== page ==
Wednesday, October 14, 2015

Distiller: Doni Faber
Rating: 4/5 Stars

The Sword of Summer
by Rick Riordan
Oct. 6, 2015
(497 pages)

I don't know how he does it. All of Riordan's characters are sarcastic, yet each one has a distinct voice. In his latest, the main character, Magnus starts out with an acerbic, bitter sense of humor that I initially found off-putting until I found myself laughing out loud.
Magnus is a homeless dude, who never knew his father and whose mother died two years ago from two wolves attacking them in their apartment. He knows all about watching his back. But what he doesn't know is that the Gods are real.
Having explored Greek, Roman, and Egyptian mythology, Riordan now turns to Norse mythology. I am not familiar with any of these mythologies and there are probably nuances I would appreciate more if I were. But Riordan's fresh turns and twists make any familiarity unnecessary to thoroughly enjoy his tales.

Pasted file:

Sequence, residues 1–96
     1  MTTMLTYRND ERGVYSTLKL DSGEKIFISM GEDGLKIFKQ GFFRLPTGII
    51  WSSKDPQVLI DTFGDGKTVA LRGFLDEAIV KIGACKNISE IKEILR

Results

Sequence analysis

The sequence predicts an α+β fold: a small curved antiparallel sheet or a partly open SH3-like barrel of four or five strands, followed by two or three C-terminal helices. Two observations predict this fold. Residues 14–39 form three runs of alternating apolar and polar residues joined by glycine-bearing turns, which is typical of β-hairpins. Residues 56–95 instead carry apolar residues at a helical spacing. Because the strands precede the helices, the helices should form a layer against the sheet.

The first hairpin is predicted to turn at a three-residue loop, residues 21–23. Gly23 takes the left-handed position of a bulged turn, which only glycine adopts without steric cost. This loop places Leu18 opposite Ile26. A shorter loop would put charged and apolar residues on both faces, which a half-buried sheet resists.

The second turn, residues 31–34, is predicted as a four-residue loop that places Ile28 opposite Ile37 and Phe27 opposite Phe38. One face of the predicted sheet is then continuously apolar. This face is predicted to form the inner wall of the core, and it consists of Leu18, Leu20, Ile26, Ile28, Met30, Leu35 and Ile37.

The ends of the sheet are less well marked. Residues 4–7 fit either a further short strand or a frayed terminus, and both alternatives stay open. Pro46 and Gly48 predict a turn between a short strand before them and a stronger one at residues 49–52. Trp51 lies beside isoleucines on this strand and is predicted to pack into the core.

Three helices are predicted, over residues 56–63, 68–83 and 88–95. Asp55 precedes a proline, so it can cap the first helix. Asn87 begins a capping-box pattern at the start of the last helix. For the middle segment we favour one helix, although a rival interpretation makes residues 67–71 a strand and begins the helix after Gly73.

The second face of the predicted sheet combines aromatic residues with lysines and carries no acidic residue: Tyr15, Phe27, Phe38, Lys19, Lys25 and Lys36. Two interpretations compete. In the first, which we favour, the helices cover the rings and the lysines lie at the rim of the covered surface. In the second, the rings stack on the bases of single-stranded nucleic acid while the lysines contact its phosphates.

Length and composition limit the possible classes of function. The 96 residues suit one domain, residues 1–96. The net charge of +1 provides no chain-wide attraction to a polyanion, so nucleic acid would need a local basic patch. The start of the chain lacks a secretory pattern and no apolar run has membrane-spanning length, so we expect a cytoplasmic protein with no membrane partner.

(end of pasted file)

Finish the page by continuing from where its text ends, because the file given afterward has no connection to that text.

His writing is also very formulaic. There's always a quest with about a week deadline. If the band of heroes doesn't accomplish something for the Gods, the end of the world will come. Yet, Riordan manages to keep his writing fresh despite the formula. In this iteration, Magnus and his friends have to rebind Fenris Wolf or he will bring about Ragnarok, the Day of Doom.
One of the ways Riordan kept the story fresh this time is that Magnus actually dies. This isn't a spoiler: it happens at the very beginning of the novel. Another way is that Magnus is not a traditional hero. While other demigods spend their time killing monsters, Magnus lets his sword do the dirty work for him. Or he finds alternatives to fighting. 
Although I have enjoyed the complexity of multiple viewpoints in some of Riordan's recent books, it was refreshing to stay with one character this time. One of the ways that this manifested is that Riordan had a lot of fun with chapter titles. (In previous books, the titles were the names of whomever the viewpoint was from.) Some examples: "Phil the Potato Meets His Doom" and "Oh... So That's Who Fenris Smelled in Chapter Sixty-Three."

If you've enjoyed other books of Riordan's, you certainly will enjoy this one too.


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